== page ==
"We think this raises the possibility that mutations resulting from cell division are a tremendous factor in increasing the mutagenic load," she said.

The higher the mutagenic load, the more likely it is that cancer will develop.

Engelward and So started working together several years ago after a faculty retreat for MIT's newly formed Biological Engineering Division. So was developing a new type of microscopy, known as two-photon imaging, and the researchers wondered whether it could be used to locate and image rare types of cells.

The team genetically engineered a strain of mice in which DNA would fluoresce if a mutation occurred in a particular sequence. That allowed them to use So's newly developed high-resolution, high-throughput microscopy technique to detect individual cells that carry the mutation.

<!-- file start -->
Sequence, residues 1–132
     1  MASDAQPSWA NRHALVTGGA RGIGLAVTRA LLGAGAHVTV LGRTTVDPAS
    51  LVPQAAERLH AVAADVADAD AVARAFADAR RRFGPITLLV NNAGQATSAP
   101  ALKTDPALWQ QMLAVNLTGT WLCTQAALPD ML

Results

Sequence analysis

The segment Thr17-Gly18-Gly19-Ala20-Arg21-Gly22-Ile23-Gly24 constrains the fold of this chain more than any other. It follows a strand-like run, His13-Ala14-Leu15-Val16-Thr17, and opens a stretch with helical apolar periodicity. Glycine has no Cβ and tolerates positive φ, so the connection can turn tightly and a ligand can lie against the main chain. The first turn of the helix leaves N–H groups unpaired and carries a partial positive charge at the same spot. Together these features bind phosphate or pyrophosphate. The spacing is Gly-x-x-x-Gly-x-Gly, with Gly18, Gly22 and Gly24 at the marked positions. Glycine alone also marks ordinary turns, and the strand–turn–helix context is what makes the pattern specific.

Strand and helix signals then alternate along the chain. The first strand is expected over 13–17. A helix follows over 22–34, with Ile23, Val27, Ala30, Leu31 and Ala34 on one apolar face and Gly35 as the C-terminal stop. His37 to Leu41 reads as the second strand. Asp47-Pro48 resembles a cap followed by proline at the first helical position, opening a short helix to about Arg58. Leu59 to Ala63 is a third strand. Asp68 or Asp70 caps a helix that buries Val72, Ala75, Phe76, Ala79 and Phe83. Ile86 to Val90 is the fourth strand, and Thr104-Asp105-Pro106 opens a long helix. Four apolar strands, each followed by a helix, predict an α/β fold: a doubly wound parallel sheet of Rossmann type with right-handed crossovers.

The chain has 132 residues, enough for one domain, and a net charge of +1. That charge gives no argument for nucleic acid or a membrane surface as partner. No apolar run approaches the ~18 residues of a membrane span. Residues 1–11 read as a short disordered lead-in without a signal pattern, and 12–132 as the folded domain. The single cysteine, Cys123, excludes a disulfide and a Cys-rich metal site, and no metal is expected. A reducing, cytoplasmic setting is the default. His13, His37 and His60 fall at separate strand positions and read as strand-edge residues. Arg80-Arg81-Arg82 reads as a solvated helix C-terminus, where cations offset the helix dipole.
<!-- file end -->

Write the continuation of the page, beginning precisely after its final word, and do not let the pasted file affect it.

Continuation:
"The problem drove the development of a new imaging technology, which now can be used for lots of things," said Engelward.

Lead author of the paper is Dominika Wiktor-Brown, a postdoctoral associate in biological engineering. Other authors of the paper are Hyuk-Sang Kwon, a research affiliate in the Department of Mechanical Engineering, and Yoon Sung Nam, a graduate student in biological engineering.

The work was truly a team effort between many people with very different areas of expertise, said Engelward. "The Department of Biological Engineering and the Center for Environmental Health Sciences are key in helping to bridge people across disciplines," she said.


'/>"/>

Contact: Teresa Herbert
therbert@mit.edu